Ontario researchers say a booming snow goose population is affecting the habitat and behaviour of arctic-breeding snowbirds, leaving them vulnerable to predation.
Scott Flemming, a doctoral research candidate at Trent University, says the shorebirds he’s studied in Nunavut have been unable to adapt to the changing conditions over the course of a decade.
His research was recently published in the Journal of Applied Ecology and funded partially by Environment and Climate Change Canada.
Flemming says the snow goose population is about 15 million, which is an exponential increase over the last six decades likely due to more corn, wheat and soy available when they overwinter in the southern United States.
He says that has led to a significant decrease in shorebird population over that time frame and he sought to understand the underlying mechanism.
Flemming says goose grazing and foraging lowers the height of grasses and sedges that shorebirds use to hide on islands where the geese nest.
The shorebirds, such as the white-rumped sandpiper and the black-bellied plover, continued to nest at the same site, despite the habitat getting worse over time, Flemming said.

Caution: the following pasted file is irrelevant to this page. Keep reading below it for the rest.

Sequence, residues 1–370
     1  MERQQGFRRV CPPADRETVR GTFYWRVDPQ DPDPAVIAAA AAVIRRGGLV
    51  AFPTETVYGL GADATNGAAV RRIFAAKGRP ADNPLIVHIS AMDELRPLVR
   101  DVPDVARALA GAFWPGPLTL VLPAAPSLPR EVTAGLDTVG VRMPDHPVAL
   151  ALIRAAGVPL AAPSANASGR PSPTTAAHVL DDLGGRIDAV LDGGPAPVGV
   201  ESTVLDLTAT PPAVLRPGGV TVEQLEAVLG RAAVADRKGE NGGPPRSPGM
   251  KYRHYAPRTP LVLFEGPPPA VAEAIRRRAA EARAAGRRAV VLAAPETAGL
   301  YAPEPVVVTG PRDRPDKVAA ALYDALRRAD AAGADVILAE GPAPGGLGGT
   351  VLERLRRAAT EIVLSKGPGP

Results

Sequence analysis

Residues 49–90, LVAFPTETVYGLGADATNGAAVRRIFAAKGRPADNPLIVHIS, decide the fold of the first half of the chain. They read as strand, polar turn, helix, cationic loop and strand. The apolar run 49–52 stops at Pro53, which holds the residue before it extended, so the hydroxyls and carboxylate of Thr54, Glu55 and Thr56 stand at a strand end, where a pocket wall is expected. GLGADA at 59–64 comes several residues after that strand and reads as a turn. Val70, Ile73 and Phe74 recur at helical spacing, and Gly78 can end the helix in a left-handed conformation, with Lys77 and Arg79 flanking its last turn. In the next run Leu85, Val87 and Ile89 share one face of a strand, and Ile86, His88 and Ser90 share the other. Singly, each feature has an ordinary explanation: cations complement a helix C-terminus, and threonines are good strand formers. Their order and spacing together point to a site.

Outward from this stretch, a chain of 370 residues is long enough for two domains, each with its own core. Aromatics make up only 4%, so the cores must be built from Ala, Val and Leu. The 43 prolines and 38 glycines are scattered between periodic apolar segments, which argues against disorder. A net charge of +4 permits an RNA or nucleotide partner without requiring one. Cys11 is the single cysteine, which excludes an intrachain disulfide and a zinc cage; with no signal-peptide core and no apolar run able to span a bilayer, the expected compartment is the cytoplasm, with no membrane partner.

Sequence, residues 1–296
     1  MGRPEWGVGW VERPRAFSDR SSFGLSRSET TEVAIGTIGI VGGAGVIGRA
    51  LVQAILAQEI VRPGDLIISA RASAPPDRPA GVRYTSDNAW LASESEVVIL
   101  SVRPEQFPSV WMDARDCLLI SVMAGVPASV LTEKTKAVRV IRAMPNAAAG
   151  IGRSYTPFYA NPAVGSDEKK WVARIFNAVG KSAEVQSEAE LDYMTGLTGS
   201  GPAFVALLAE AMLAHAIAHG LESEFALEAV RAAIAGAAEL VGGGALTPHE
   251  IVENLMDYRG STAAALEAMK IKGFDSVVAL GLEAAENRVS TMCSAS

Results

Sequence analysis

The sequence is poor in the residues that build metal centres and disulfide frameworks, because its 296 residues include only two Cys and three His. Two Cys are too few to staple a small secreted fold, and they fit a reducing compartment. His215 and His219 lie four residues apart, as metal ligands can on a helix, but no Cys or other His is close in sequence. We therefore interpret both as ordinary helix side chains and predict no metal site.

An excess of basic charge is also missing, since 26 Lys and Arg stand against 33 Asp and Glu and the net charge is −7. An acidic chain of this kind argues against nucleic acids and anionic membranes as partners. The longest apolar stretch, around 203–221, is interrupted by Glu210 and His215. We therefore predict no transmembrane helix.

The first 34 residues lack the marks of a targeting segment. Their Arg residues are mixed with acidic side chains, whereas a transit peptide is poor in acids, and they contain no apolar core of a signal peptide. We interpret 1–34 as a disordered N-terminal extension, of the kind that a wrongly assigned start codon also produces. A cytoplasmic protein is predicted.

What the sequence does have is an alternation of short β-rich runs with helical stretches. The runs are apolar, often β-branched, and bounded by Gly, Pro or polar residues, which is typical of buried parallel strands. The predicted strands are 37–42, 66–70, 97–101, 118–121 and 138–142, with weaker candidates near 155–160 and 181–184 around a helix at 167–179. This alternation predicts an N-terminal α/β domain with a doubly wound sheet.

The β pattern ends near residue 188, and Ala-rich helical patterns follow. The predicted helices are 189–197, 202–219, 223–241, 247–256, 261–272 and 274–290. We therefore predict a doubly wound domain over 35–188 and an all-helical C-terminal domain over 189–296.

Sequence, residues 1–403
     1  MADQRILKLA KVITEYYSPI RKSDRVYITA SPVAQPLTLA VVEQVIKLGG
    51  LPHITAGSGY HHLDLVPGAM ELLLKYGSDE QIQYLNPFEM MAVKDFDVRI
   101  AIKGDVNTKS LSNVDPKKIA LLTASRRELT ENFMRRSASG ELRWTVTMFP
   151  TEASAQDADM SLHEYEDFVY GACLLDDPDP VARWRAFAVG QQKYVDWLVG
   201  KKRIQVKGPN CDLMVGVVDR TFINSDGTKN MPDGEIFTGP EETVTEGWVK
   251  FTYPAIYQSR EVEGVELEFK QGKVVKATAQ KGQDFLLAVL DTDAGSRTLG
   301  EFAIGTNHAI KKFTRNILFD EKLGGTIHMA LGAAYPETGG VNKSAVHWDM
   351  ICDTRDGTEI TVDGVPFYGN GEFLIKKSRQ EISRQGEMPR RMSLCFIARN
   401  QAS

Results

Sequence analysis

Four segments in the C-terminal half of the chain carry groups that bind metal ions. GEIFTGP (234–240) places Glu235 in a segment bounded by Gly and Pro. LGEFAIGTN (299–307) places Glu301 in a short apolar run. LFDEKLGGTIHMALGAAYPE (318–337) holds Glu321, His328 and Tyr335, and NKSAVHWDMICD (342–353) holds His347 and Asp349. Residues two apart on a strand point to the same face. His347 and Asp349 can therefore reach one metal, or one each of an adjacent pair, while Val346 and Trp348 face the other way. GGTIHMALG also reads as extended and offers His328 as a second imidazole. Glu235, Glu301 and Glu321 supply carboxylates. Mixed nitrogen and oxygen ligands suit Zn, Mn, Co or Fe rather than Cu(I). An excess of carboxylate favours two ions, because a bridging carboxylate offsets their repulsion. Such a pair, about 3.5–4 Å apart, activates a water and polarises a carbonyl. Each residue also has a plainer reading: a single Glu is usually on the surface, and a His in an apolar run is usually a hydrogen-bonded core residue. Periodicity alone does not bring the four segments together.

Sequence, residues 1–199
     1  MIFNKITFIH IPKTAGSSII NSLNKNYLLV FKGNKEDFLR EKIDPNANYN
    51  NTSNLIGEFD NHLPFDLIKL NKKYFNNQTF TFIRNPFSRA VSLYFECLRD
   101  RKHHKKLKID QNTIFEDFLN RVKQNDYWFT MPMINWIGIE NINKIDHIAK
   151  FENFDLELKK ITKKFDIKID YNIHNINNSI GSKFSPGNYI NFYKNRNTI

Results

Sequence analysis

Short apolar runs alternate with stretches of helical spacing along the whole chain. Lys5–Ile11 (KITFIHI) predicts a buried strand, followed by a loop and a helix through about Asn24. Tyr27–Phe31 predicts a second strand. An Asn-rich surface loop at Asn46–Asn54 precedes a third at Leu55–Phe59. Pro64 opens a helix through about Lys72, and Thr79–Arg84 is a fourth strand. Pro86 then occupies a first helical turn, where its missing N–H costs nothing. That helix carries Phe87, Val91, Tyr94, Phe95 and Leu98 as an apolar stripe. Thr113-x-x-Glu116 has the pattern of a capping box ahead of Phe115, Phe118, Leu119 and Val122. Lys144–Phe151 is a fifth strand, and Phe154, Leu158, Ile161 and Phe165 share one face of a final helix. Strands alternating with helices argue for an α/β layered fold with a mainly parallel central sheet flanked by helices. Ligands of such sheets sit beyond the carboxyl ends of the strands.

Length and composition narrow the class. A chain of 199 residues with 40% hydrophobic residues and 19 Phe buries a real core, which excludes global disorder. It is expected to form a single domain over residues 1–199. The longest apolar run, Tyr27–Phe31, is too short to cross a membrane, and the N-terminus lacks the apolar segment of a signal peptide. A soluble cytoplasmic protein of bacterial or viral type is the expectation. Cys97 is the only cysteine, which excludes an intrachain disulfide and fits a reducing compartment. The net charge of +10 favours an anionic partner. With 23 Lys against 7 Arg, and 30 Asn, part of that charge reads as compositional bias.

“The geese are limiting the availability of habitat and shorebirds aren’t responding as quickly to that change,” he said.
The researchers found that the grasses and sedges the shorebirds use for cover are longer farther away from a goose colony, thereby offering more concealment.
The data shows shorebird density increases the farther they are from goose-nesting sites, suggesting geese are playing an important role in their population demise, Flemming said.
The team looked at three study areas in Nunavut: two within the East Bay Migratory Bird Sanctuary on Southampton Island and one on the uninhabited Coats Island.
“The geese are having a significant impact on the habitat and it’s affecting shorebirds,” Flemming said.
“We are now looking into the idea that shorebirds who have sites with less concealment may be suffering higher predation rates.”